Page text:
34

Choosing your market

26.

How can my firm get the most from market research

interviews?

If you decide to issue a contract for market research interviews, here are some tips for you and your contractor to ensure that the outcome is useful: Set objectives. Before starting, ask yourself, What kind of information will help reduce the risk of entering a new market? and What is the respondent likely to know about your potential market? Choose some must know questions to ask if you cannot conduct a long interview. For critical areas, ask similar questions of more than one person so that you can get a feel for the range of reactions. Revise objectives. The objectives of an interview may change as you progress. Analyse responses and revise questions as you move forward. Probe further in subsequent interviews. Generally, later interviews are used to fill information gaps, or to confirm views obtained in earlier research. Ask simple, open-ended questions and probe the responses. Ask open-ended questions such as What types of services are contracted out in your industry? You may need to give examples of responses to prompt the interviewee. Avoid questions that elicit a simple yes or no answer, unless that is all you want to know. Also, ask the respondent If you were in my position, whom would you see? In which companies? In what job function? Who, by name? Finally, ask if you can call back if you missed asking about something. Help the respondent to be specific. If respondents say Big or Large in response to a question, ask them to be more specific. Do they mean 1,000 or 10,000, 10% or 50%? If they respond to a question with We often use this service, ask How often and in what ways? Make it interesting. Most people like to talk about their business. Let them talk, but keep them to the point. Offer some of your experiences to make them feel they are also benefiting from the interview. Keep it short and simple. Do not take more of the respondents time than you need. Cover the key points (the fewer, the better) and then see whether the respondent wants to continue talking. Start with the least important interviews. Leave key interviews to the last, when you have polished your approach and have a sense of where gaps may exist. Keep track of the interviews. Take good notes. Expand those notes soon after the interview is over.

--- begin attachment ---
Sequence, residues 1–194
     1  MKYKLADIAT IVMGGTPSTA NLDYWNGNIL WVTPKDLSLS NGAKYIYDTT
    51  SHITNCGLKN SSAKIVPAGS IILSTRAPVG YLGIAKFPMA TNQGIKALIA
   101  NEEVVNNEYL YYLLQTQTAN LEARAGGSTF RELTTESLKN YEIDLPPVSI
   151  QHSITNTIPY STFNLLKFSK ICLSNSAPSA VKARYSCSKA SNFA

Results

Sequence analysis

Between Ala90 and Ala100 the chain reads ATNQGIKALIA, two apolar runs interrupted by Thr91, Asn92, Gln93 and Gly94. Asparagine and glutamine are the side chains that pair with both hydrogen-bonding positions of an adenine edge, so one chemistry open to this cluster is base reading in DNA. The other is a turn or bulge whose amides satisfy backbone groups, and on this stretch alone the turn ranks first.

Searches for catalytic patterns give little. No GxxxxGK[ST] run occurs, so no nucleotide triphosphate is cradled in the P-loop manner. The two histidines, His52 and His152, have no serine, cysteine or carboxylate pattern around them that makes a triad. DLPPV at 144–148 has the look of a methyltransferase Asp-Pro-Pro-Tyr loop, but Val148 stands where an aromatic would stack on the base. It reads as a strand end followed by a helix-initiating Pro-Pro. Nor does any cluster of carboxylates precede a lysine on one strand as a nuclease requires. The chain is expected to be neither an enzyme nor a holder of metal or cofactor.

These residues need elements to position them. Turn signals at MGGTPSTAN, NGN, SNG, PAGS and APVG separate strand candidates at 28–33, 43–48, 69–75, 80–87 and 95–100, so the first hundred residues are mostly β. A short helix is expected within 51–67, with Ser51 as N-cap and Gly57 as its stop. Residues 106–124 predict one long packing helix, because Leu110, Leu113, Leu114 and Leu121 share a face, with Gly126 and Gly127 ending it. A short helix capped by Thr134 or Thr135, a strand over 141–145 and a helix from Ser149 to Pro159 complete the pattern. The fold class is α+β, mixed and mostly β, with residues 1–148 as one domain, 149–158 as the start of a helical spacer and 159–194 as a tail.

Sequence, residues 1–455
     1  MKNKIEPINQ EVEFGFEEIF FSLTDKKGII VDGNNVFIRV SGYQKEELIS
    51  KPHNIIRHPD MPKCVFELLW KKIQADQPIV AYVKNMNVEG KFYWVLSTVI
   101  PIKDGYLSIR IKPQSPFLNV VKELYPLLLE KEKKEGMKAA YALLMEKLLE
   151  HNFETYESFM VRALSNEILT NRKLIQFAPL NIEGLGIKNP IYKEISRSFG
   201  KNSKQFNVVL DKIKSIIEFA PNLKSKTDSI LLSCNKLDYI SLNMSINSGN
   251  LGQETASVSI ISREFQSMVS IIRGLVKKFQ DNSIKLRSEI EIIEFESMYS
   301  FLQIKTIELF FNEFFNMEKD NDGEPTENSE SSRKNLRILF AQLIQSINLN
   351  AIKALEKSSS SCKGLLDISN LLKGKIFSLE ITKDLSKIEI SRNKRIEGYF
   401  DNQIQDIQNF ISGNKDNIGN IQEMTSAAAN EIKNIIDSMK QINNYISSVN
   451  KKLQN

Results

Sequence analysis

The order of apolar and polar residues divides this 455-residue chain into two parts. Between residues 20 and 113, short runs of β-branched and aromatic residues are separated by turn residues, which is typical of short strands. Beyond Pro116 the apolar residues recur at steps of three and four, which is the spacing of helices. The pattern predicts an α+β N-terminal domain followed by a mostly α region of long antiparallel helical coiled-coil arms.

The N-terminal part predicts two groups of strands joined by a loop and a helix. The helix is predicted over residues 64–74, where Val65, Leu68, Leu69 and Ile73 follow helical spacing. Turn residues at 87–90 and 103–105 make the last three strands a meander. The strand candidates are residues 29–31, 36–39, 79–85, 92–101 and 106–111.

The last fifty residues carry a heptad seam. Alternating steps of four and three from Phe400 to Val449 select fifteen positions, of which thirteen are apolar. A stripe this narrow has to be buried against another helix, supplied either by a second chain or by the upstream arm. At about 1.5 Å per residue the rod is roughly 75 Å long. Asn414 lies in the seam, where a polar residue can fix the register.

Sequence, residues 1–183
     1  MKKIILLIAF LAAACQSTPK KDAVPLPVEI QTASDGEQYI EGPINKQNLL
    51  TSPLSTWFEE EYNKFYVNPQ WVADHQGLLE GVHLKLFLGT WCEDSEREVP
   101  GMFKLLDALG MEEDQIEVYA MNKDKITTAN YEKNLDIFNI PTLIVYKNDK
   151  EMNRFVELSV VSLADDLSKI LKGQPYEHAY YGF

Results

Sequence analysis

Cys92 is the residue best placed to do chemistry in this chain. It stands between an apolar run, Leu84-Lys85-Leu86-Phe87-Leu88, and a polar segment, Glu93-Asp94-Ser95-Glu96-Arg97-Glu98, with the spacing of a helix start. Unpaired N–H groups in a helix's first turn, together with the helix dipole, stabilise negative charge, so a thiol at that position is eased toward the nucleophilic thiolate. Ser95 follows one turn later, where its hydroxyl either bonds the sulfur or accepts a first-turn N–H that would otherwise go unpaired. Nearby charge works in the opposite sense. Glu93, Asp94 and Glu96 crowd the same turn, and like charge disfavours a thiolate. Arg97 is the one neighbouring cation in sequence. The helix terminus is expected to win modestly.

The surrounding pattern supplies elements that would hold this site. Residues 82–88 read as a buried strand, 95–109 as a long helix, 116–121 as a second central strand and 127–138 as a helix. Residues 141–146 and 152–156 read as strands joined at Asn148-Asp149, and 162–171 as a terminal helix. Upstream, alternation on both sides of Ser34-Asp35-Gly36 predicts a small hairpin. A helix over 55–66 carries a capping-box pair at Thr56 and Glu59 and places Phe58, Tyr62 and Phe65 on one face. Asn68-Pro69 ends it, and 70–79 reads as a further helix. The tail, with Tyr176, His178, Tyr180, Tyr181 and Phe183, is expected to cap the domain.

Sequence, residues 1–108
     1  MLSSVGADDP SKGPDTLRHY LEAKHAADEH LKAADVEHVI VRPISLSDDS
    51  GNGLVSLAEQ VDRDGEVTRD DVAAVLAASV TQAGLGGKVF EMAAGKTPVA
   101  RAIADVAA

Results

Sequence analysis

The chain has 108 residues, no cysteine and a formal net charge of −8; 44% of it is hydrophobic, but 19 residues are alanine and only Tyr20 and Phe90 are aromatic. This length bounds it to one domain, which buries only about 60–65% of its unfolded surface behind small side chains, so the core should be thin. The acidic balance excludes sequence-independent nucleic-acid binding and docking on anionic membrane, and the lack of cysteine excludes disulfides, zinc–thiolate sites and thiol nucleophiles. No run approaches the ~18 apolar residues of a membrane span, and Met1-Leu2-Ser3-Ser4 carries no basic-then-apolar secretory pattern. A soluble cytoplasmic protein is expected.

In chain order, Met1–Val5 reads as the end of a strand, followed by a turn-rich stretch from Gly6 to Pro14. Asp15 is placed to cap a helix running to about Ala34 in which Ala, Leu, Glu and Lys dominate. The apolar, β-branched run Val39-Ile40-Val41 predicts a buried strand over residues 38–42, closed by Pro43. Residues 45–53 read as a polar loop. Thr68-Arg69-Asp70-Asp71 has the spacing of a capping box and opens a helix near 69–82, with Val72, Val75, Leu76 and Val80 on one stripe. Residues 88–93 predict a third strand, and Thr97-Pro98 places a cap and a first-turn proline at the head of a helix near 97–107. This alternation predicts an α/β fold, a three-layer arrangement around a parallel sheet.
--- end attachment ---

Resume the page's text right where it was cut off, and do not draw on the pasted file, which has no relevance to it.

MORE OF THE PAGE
Choosing your market

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27.

Where can I find market information?

Economic journals such as The Economist and The Financial Times and reports such as Standard & Poors Industry Surveys analyse global trends in the services industries. The Internet is also a good source of information, with many websites providing country profiles detailing national strengths and weaknesses. Various government bodies offer Internet services. Among the many websites providing market-related information, services and links are the following: The Business. Website at www.thebusiness.co.uk. Global business magazine covering UK, Europe and world markets, banking, transportation, politics, utilities, natural resources, technology and telecommunications, pharmaceuticals, and other sectors. Financial Times. Website at www.ft.com. Carries features on markets and industries, including services. U.S. Small Business Administration. Government website at www.sba.gov. SBA provides financial, technical and management assistance and information to small businesses in the United States. Worldjump.com. Website at www.worldjump.com featuring global and country portals. Industrial Information Network (IIN) at www.iin.com.pk is the first of its kind in Pakistan, aimed at using information technology to connect and facilitate businesses in Pakistan. IIN is the first Pakistani B2B and information portal designed specifically to cater to the online trading and information needs of businesses from various industrial sectors in Pakistan.